Hey, I'm Matt, a Software Engineer currently based in San Francisco. I work for Caring.com primarily in Ruby on Rails, React, and Ember
For a Rails side project recently I finally had the need for a background task handler. Now traditionally I’d jump at Sidekiq, and for good reason. It’s sexy, relatively simple, and comes with a ton of niceties like automatic exponential back-off retries. For this project however, at least at this stage, Sidekiq is overkill. We just need to run some ActionMailers out of the render loop, so we’d like to avoid booting up another server if possible.
So, in comes SuckerPunch, a gem built to address exactly this issue. SuckerPunch uses Celluloid to operate a barebones background task handler inside the server process, avoiding the significant memory overhead of running two Rails instances. Now while its worth noting thanks to the Global Interpreter Lock present in MRI, CPU intensive jobs are still liable to slow down your requests, however the GIL does not apply to external I/O, and so the bulk of what makes a mailer slow (negotiating SMTP) doesn’t block the server.
The topic that’s got me - and it seems a great deal of others - hot under the collar lately is that of the ‘self driving’ car. As Google and others further the technology necessary for a world free from steering wheels, one can’t help but wonder just what that world will be like. Many have dabbled in this topic but I hope to raise some points here I’ve not myself heard.
Time for some serious business. Buzzfeed level serious. Today we’re talking about something a Brit holds dear and oft claims Americans do not. Today we’re talking about… chocolate. One of the many things friends and family repeatadly warn you of before flying out is invariably how shit the chocolate in America is. “They put weird stuff in it! Anti melting agents!” they say. Well of course, they’re right. And you would to if you wanted to eat chocolate as opposed to brown peanut soup when you opened your Snickers wrapper. But that’s not the crux of the chocolate issue. No there is in fact an entirely different offender that no one warns you of…
This is how the weekend began.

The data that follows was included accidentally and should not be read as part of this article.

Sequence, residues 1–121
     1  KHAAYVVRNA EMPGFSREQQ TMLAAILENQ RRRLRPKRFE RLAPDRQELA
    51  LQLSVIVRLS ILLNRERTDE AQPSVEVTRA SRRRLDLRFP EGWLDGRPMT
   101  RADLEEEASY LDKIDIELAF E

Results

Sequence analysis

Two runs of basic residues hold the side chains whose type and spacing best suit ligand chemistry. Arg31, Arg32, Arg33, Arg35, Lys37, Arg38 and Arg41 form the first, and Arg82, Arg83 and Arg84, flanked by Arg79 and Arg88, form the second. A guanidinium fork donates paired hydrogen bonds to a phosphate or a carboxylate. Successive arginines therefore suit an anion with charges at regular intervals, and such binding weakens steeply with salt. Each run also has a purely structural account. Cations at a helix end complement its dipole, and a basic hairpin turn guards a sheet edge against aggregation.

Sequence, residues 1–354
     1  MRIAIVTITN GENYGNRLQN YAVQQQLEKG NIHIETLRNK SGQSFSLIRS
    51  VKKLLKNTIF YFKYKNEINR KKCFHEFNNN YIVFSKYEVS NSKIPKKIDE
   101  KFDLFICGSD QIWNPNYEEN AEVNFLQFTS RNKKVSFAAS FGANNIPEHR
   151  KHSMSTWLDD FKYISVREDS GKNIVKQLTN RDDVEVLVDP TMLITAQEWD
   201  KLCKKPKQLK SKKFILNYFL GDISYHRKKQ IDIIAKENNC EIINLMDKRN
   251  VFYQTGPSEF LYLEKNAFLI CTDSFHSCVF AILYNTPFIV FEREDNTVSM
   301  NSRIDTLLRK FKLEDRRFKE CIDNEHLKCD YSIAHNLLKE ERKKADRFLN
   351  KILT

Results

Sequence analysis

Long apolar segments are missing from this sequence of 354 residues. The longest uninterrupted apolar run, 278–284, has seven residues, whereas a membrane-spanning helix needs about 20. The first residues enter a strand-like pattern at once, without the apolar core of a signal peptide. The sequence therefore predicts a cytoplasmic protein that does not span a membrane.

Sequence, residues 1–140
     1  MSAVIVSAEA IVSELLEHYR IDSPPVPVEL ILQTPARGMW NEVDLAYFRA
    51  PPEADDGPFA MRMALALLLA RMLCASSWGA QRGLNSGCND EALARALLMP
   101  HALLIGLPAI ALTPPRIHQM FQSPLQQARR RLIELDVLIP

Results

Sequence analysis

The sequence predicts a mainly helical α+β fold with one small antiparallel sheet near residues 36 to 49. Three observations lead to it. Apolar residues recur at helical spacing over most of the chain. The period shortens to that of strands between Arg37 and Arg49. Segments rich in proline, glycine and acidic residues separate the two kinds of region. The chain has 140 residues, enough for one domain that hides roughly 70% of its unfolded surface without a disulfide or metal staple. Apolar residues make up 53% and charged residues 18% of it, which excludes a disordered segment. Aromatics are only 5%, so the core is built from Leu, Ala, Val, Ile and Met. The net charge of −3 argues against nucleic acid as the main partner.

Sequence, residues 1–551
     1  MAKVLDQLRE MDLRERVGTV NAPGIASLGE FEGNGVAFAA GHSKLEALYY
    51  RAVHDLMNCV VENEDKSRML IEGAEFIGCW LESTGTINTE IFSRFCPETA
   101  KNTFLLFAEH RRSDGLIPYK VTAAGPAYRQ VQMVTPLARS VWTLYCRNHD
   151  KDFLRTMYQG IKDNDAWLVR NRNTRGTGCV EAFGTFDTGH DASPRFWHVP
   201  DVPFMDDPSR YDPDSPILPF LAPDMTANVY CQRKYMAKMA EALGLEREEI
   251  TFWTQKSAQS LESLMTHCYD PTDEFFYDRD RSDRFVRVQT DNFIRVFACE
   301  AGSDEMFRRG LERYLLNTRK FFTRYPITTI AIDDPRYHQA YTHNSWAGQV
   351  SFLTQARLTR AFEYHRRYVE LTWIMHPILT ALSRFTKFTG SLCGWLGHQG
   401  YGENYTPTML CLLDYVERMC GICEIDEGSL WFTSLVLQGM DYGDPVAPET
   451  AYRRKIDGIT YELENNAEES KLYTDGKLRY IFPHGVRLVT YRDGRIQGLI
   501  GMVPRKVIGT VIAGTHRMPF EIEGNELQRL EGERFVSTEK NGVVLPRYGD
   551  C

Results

Its been a few days since the 48 hour coding grind that was the Launch Hackathon, and I think I’ve caught up on enough sleep to attempt a cohesive paragraph or two. Launch prided itself on being the largest hackathon ever, with 1,500 applicants. They didn’t all show, but it was certainly huge.
Up until now I’ve found it hard to articulate exactly what it is that makes Silicon Valley such a different experience to the rest of the world, but after a few weeks of living it, I think I’ve got it now. Let me take you through some of the mad things than happen here that are just considered normal to the locals.
Firstly, the sheer density of tech workers here noticeably affects the culture of the area, particularly in marketing. Driving into SF on the freeway, you can expect to see billboard after billboard advertising tech conferences, services, and products, right alongside ads for Miller light beer. Here, tech companies have brands so respected that wearing a facebook or twitter or dropbox T-shirt around town is nothing, its just… normal.
[Advanced warning, this is very much a Mum post, don’t expect any philosophical insights!] Several trips to IKEA , and several Amazon orders later, I can finally say that the five of us are looking pretty settled in at 126 Coleridge. Naturally, the house hasn’t quite acquired much in the way of a soul yet, but it sure has a lot of cheap Swedish furniture. Here’s my rather, shall we say, minimalist room: